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Asperger’s links to Nazis causes society to consider name change

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A grave site for children who were euthanized at the Am Spiegelgrund clinic in Vienna during the Second World War. (Haeferl/Wikimedia Commons/CC BY-SA 3.0)

Shocking new revelations that the namesake of Asperger’s syndrome was an accomplice to the Nazi murder of children has spurred the Asperger’s Society of Ontario (ASO) to considering changing its name, but it is encountering resistance.

Detailed information that has come to light over the past few months about Dr. Hans Asperger has “certainly raised red flags both within our community and with the Asperger’s Society of Ontario board of directors,” the organization said in a statement to The CJN.

The ASO is “in the process of considering our options in this regard and will let our constituents know once we’ve made a decision.

“We do not want to be aligned with someone associated with the Nazi regime.”

But a decision to rebrand “cannot be taken lightly and requires the development of a strategy that incorporates discussion and consultation with our community and experts in this field.”

The society said it supports a community that is “resistant to change.”

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It cited a “quick poll” of its members, which showed that 86 individuals self-identified as having Asperger’s syndrome, while 19 said they were “autistic.”

Asperger’s syndrome has long been considered a mild form of autism. In 2013, the name was dropped from the American Psychiatric Association’s Diagnostic and Statistical Manual, Fifth Edition (DSM-5) and is now defined as autism spectrum disorder, or ASD.

However, “many in our community have not embraced the change,” the ASO noted in its statement, adding that when the DSM-5 was published, the society made “a strategic decision” not to rebrand, partly because awareness of Asperger’s syndrome had become “much more mainstream” thanks to public education, and also “since it was increasingly becoming part of popular culture.”

The controversy surrounding Asperger, an Austrian pediatrician and professor, surfaced some years ago, but found new traction this spring, following the publication of a story in the New York Times by Edith Sheffer of the Institute of European Studies at the University of California, Berkeley, and of a study in the journal Molecular Autism by Herwig Czech, an expert in the history of medicine at the University of Vienna.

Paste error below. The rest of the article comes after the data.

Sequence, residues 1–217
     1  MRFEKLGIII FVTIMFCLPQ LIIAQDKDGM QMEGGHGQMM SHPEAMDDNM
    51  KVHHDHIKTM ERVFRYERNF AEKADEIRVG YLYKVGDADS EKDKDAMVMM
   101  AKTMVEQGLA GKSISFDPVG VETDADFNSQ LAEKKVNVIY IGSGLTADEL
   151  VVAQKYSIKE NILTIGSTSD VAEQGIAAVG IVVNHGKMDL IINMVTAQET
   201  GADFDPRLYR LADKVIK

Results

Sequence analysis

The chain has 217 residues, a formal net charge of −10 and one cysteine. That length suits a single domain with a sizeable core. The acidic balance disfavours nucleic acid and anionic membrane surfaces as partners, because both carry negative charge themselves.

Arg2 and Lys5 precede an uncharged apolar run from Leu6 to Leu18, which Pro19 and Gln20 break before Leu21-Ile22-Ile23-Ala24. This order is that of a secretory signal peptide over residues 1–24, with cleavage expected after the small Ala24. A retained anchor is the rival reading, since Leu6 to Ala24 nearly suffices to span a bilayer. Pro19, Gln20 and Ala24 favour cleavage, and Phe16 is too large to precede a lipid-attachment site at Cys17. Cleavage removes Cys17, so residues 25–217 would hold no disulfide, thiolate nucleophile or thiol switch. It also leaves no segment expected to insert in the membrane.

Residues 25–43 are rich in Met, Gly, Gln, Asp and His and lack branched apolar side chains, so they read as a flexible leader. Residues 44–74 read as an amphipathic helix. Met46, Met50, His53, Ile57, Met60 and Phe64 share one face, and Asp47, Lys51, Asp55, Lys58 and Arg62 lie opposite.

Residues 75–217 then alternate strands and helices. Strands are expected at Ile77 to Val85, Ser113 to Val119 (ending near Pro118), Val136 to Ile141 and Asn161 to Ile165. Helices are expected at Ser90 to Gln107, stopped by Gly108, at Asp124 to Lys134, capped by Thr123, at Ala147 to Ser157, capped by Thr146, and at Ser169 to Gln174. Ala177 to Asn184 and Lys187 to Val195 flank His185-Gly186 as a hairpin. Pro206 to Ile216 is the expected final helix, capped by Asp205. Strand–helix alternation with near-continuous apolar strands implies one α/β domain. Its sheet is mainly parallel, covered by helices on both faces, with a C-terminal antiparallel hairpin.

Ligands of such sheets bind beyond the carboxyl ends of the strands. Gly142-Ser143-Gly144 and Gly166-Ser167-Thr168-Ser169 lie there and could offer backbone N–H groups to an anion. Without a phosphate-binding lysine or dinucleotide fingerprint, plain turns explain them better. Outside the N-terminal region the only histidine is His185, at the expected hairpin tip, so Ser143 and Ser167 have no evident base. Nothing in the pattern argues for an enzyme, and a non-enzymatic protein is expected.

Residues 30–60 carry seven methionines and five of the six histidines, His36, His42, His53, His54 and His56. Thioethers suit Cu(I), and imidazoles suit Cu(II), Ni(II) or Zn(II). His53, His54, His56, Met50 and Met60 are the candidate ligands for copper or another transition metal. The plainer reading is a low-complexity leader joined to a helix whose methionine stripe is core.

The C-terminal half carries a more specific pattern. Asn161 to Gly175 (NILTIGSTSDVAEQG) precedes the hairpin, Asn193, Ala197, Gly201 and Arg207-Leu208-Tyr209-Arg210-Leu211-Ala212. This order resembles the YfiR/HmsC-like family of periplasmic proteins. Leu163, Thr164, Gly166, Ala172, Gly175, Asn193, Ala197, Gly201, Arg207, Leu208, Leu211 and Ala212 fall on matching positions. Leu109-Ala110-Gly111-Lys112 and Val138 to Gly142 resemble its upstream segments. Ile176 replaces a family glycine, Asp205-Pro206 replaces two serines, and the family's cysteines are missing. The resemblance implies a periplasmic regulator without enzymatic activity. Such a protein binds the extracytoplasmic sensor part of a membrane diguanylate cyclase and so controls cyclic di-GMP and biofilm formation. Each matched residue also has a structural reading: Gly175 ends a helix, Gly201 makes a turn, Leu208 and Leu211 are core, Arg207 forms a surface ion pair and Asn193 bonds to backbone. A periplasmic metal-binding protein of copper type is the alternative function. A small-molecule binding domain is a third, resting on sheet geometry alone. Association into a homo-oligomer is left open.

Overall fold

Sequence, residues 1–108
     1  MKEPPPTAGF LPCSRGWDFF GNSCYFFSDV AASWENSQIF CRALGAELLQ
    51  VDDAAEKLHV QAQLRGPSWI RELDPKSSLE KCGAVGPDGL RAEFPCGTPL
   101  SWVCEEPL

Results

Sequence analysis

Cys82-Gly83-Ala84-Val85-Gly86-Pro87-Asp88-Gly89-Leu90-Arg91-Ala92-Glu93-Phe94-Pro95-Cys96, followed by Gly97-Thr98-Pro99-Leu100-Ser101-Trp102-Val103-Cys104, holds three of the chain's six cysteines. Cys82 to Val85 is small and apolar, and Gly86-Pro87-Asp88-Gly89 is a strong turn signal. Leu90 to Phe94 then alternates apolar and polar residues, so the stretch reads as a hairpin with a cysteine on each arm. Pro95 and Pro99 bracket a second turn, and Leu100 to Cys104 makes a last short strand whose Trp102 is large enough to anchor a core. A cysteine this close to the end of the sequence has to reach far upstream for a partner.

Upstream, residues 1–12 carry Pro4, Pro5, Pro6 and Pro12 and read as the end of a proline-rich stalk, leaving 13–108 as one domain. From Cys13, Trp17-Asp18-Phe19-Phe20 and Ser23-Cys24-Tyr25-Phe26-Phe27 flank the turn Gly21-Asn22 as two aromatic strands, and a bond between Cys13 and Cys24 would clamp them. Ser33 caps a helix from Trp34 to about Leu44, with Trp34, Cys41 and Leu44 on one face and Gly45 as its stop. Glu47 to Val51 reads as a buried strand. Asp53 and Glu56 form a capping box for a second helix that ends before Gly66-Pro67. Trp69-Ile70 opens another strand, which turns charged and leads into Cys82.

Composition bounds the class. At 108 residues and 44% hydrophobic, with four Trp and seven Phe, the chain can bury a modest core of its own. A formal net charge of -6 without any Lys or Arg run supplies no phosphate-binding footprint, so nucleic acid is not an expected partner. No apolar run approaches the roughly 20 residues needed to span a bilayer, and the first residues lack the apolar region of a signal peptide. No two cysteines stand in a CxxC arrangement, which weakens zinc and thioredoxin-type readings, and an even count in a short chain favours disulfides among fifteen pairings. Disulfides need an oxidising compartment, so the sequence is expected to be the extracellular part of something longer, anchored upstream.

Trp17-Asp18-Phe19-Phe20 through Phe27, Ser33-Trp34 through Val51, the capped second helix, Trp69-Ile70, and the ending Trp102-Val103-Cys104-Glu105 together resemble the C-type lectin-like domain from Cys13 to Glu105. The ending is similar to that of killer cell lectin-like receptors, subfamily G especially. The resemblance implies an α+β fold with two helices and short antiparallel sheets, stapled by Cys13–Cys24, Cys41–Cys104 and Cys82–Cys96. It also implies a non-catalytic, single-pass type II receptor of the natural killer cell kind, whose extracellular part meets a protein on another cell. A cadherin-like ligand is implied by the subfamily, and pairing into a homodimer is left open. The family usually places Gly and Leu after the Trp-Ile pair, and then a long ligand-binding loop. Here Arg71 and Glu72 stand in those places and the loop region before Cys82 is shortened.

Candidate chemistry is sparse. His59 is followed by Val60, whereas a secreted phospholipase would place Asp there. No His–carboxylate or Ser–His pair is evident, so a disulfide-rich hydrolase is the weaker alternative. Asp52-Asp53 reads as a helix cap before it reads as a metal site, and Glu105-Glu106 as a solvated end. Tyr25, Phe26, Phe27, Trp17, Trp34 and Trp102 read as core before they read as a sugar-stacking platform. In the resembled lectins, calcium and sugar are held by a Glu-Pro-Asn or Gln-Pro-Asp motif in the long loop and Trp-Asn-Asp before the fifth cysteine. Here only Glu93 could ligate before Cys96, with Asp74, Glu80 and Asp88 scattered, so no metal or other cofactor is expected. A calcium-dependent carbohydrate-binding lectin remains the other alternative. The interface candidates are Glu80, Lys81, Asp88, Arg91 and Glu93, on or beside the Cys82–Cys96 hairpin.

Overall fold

They revealed that in Vienna, following the absorption of Austria into the Third Reich in 1938, Asperger co-operated with the Nazi regime and was rewarded for his loyalty with career opportunities.

According to the study by Herwig, Asperger publicly legitimized Nazi race hygiene policies, including forced sterilizations, and, on several occasions, actively co-operated with the Nazi’s child “euthanasia” program.

We do not want to be aligned with someone associated with the Nazi regime.
– Asperger’s Society of Ontario

He was “inextricably linked with the rise of Nazism and its deadly programs,” wrote Sheffer, and “sent dozens of children to their deaths.”

Asperger, who died in 1980, worked closely with “the top figures in Vienna’s euthanasia program,” including Erwin Jekelius, the director of a children’s clinic called Am Spiegelgrund. Asperger recommended the transfer of children to Spiegelgrund, at which “dozens of them were killed,” Sheffer wrote.

“Killings were done in the youths’ own beds, as nurses issued overdoses of sedatives until the children grew ill and died, usually of pneumonia.”

Sheffer called for people to stop using the name “Asperger’s” to describe the condition.

“It’s one way to honour the children killed in his name, as well as those still labeled with it,” wrote Sheffer.

Asperger’s syndrome no longer exists as a diagnosis, Laurie Mawlam, executive director of Autism Canada, told The CJN.

Still, “many Canadians have an Asperger syndrome diagnosis from years gone by and really identify with it. They commonly call themselves ‘Aspies’ and include this in the names of their blogs, social media handles and URLs.”

Peter Singer, a bioethicist and professor of medicine at the University of Toronto, said, “We should not venerate an individual who was complicit in Nazi euthanasia and eugenics. Nor should we disrespect those with autism spectrum disorder by linking them to such an individual.”